“LOVE LOVE LOVE this series!”
“I couldn’t put it down!”
Where do you run when even the good guys want you dead?
Special Agent Sam Jameson is having a bad week. People are trying to kill her.
That would be business as usual in the counterespionage world, except that it’s the good guys who have her in the crosshairs.
Why are the DC Metro police trying to kidnap her? Do her bosses at Homeland want her in a body bag, too?
And why does everyone she talks to seem to end up in the morgue?
Will a ruthless mercenary, a hapless American traitor, and a dead man’s cryptic clue hold the key to Sam’s survival? As the noose tightens around her neck, Sam must uncover a brutal and deadly conspiracy before she becomes its next victim.
THE INCIDENT: Reckoning is the second installment in the runaway international sensation INCIDENT trilogy from conspiracy master Lars Emmerich.
Interview with #1 Bestselling Author Lars Emmerich
Q: Who are your influences?
A: Too many to list! I started out years ago as a Tom Clancy addict, and I thoroughly enjoy many of Nelson DeMille’s novels. I regularly read David Baldacci, Vince Flynn, Barry Eisler, Michael Connelly, and John Grisham. James Patterson has redefined what it means to be a working author, and I read his stuff as well. My top picks are usually espionage and private detective novels, any of the thousands of thrillers and mysteries best sellers, and, of course, books featuring classic pulp heroes. And I’m greatly influenced by all sorts of nonfiction, as well. I read all the time, and I’m a bit of a magpie about the topics — science, economics, finance, politics, history, mathematics, engineering, biomechanics, medicine… It’s a big world out there, and I love learning more about it. Many of those topics find their way into my fiction, so I can justify it all as “research.”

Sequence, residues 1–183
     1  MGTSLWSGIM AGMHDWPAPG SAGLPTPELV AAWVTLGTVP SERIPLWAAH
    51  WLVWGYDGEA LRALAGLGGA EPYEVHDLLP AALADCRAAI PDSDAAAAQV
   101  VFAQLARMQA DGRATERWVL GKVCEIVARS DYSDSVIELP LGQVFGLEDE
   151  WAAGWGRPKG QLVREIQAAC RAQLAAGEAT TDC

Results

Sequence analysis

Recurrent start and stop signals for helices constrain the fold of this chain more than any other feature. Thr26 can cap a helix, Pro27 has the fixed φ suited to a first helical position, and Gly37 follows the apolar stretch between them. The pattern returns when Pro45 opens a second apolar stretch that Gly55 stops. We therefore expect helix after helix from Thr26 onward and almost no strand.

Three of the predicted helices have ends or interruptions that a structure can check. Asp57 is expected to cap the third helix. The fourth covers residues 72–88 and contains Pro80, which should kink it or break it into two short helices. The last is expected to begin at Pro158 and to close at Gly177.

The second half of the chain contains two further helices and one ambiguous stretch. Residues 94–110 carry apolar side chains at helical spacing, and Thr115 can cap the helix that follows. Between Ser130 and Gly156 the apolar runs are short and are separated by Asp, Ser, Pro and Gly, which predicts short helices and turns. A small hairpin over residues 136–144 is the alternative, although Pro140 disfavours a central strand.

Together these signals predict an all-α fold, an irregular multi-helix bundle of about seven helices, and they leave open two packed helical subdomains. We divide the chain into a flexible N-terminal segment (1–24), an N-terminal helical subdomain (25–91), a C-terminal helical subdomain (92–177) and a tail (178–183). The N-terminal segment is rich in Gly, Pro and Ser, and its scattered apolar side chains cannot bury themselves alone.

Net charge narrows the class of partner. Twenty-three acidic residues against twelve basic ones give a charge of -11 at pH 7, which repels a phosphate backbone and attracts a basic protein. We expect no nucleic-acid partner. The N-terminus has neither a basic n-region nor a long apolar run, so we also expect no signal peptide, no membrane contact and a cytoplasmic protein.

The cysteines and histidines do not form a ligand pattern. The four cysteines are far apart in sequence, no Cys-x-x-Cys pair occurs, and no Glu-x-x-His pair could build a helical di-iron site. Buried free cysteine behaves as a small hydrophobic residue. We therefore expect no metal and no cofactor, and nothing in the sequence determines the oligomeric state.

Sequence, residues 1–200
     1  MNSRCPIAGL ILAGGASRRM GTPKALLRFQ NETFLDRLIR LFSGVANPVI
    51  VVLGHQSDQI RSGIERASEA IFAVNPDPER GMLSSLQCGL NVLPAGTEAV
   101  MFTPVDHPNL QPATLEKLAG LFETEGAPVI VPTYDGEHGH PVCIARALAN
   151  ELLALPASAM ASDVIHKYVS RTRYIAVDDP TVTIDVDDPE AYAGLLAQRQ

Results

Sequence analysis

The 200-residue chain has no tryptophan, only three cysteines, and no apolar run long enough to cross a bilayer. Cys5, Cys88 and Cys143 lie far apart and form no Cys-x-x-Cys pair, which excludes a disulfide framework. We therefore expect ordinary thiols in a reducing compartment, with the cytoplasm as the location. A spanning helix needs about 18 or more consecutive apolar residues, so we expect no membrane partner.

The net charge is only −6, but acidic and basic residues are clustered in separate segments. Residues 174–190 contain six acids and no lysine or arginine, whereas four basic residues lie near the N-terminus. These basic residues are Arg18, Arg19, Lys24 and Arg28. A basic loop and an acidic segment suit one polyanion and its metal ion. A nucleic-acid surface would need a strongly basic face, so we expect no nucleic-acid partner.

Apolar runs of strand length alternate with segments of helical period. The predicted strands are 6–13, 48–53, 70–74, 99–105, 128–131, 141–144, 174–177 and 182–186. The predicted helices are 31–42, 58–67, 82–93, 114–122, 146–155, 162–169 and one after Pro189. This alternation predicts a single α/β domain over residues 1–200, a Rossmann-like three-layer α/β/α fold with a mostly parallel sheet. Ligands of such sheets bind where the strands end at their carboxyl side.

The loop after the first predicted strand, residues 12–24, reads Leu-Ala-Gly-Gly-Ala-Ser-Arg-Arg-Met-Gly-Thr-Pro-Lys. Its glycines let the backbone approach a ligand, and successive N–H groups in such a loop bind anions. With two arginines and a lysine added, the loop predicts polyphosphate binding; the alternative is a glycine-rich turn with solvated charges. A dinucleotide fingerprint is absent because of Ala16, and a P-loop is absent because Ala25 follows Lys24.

Q: The Sam Jameson series has become quite a phenomenon. What do you think has been the driving force behind the books’ success?
A: I think Sam has something of a unique voice. She says the things we all wish we could say, and she gets away with it about half of the time. The other half of the time, not so much. I think she’s also a very human heroine. She has plenty of flaws and weaknesses, yet she accomplishes some amazing things. She’s kind of like every one of us in that regard, which resonates.
Q: You have developed personal relationships with your readers over the years, which is unusual in the publishing business. Was that a conscious choice?
A: Absolutely. Books are intimate things. They occupy a person’s mind and thoughts for hours at a time. Good books leave a lasting impression, and great books might even change the way we think about things, but all books are a relationship. I felt that Big Publishing did a great job of distributing novels, but at a very high cost — there was almost no way for a personal connection to form between writers and readers. But I always wanted a conversation. I wanted to learn from my readers, to hear what was on their minds, to listen to their criticism and hopefully improve the books I write. It’s been extremely rewarding, and I’m hopeful it can continue for years to come.